Ballantyne is Remembered for Culture Camp Experience

Philomina Ballantyne, her first name is a combination of her late great-grandmother Philomene and a love of Conswella. Her passion for Social Work grew from a love of helping people and finding solutions.

Entering the First Nations University of Canada (FNUniv), Philomina felt good vibes all around, the professors were encouraging and everyone worked together. She was given agendas, good timelines for completing assignments, and everything was organized. Traveling an hour to and from campus, from Rosthern to Saskatoon, Philomena has no complaints about her academic journey.

At Philomina’s convocation her professors, Danny Musqua and John Sealy, joked about their Culture Camp experience. She took her late grandmother’s camper to the event while everyone else brought tents. It was raining lots so she ended up being the smart cookie, classmates were using her visor as a cover and some even stayed in the camper with her. Even though today it is mandatory for students to bring tents only, Philomina is still remembered as the only one to ever bring a camper.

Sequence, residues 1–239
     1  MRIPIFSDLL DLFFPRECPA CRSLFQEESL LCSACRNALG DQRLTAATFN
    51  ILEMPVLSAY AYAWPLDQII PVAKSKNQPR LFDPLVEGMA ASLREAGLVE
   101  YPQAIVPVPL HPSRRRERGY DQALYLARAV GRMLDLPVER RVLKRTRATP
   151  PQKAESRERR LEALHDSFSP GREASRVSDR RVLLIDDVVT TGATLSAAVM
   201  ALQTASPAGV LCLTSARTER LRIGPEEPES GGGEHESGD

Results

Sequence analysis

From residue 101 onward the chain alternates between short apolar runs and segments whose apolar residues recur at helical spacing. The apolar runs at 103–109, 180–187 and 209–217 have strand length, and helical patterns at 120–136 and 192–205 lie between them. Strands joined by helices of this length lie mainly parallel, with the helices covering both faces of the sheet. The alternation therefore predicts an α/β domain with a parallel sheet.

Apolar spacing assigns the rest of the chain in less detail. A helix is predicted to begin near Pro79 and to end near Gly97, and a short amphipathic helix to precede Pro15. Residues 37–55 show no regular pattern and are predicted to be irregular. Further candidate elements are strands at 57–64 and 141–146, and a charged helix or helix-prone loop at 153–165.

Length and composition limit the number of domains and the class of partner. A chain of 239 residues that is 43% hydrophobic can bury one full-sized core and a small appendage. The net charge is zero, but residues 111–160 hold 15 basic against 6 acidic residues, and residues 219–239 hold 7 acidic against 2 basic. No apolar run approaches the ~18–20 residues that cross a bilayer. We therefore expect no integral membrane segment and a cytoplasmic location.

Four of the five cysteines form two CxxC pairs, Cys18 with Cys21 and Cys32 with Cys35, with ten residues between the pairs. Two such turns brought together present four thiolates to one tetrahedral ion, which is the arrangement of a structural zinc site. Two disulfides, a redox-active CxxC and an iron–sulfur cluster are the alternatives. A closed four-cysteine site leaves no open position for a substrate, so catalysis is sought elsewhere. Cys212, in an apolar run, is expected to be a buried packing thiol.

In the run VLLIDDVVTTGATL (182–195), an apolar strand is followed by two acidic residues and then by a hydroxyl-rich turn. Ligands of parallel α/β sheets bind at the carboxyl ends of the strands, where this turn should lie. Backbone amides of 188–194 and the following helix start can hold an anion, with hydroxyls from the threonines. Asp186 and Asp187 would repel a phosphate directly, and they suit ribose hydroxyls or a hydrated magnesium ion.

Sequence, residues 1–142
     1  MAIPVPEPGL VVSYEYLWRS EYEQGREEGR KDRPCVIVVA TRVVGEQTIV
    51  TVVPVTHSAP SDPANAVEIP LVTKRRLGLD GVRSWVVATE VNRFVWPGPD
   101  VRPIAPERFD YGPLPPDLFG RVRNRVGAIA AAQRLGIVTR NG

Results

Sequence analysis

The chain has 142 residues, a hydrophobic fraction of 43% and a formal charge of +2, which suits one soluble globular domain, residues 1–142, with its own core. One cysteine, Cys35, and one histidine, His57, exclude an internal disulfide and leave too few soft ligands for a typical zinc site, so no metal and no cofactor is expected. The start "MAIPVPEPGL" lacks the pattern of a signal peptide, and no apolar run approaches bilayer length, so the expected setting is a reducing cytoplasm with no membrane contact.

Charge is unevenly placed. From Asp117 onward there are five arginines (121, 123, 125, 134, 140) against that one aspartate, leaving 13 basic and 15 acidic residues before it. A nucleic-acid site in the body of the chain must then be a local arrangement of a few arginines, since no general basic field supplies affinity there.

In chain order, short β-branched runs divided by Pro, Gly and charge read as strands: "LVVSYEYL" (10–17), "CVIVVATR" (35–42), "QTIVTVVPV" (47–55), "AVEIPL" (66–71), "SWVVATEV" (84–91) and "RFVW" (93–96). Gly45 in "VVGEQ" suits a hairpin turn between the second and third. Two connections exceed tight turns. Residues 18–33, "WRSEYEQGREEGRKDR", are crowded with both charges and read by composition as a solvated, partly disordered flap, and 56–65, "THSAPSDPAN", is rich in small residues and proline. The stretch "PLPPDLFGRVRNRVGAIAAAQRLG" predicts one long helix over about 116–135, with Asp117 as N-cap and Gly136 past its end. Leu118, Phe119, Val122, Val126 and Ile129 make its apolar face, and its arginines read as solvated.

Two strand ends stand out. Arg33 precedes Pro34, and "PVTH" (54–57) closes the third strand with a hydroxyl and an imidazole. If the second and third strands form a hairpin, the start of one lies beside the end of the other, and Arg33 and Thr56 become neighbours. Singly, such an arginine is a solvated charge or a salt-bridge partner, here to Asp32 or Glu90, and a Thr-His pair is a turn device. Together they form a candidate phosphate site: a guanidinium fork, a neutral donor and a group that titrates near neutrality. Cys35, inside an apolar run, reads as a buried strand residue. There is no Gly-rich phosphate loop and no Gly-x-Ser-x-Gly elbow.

Elders had a huge impact on her academic career as well. They shared their knowledge when Philomina needed it, she entered her first sweat lodge with the culture camp and she says the experience was beyond beautiful.

“I didn’t really know too much about my culture at that time, and it was the elders that were the counsellors there, and they would share their knowledge about the sweet grass, sage, sweat lodge and the colours of the broad cloths,” she says.

Philomina has been a Social Worker for 18 years as of October 1998 when she graduated. She now works at the Montreal Lake Child and Family Agency.

“I love working with people, I love helping,” she says.

Philomina Ballantyne says she is in the right field, time flew when she was in school and it helped her end up exactly where she needed to.


by Morgan Esperance